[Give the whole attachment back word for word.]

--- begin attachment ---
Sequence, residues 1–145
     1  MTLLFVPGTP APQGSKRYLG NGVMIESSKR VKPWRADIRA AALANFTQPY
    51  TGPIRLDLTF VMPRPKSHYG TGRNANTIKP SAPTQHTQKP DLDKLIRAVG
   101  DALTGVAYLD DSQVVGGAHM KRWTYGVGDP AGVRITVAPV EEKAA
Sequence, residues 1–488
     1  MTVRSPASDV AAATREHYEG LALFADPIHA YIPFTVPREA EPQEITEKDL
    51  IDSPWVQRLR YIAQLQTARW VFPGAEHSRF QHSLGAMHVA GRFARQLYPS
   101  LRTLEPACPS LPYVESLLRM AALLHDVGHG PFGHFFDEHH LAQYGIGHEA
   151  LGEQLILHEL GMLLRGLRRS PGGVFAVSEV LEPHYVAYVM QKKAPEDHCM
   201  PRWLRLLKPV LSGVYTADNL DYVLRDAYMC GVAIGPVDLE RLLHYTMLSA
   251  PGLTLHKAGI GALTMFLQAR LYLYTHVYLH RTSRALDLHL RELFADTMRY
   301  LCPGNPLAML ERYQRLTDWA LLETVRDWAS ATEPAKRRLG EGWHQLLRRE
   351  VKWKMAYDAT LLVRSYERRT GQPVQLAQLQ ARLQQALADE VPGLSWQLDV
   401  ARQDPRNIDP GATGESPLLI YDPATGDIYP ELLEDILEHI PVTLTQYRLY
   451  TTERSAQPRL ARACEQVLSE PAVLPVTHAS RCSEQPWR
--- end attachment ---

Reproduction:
Sequence, residues 1–145
     1  MTLLFVPGTP APQGSKRYLG NGVMIESSKR VKPWRADIRA AALANFTQPY
    51  TGPIRLDLTF VMPRPKSHYG TGRNANTIKP SAPTQHTQKP DLDKLIRAVG
   101  DALTGVAYLD DSQVVGGAHM KRWTYGVGDP AGVRITVAPV EEKAA
Sequence, residues 1–488
     1  MTVRSPASDV AAATREHYEG LALFADPIHA YIPFTVPREA EPQEITEKDL
    51  IDSPWVQRLR YIAQLQTARW VFPGAEHSRF QHSLGAMHVA GRFARQLYPS
   101  LRTLEPACPS LPYVESLLRM AALLHDVGHG PFGHFFDEHH LAQYGIGHEA
   151  LGEQLILHEL GMLLRGLRRS PGGVFAVSEV LEPHYVAYVM QKKAPEDHCM
   201  PRWLRLLKPV LSGVYTADNL DYVLRDAYMC GVAIGPVDLE RLLHYTMLSA
   251  PGLTLHKAGI GALTMFLQAR LYLYTHVYLH RTSRALDLHL RELFADTMRY
   301  LCPGNPLAML ERYQRLTDWA LLETVRDWAS ATEPAKRRLG EGWHQLLRRE
   351  VKWKMAYDAT LLVRSYERRT GQPVQLAQLQ ARLQQALADE VPGLSWQLDV
   401  ARQDPRNIDP GATGESPLLI YDPATGDIYP ELLEDILEHI PVTLTQYRLY
   451  TTERSAQPRL ARACEQVLSE PAVLPVTHAS RCSEQPWR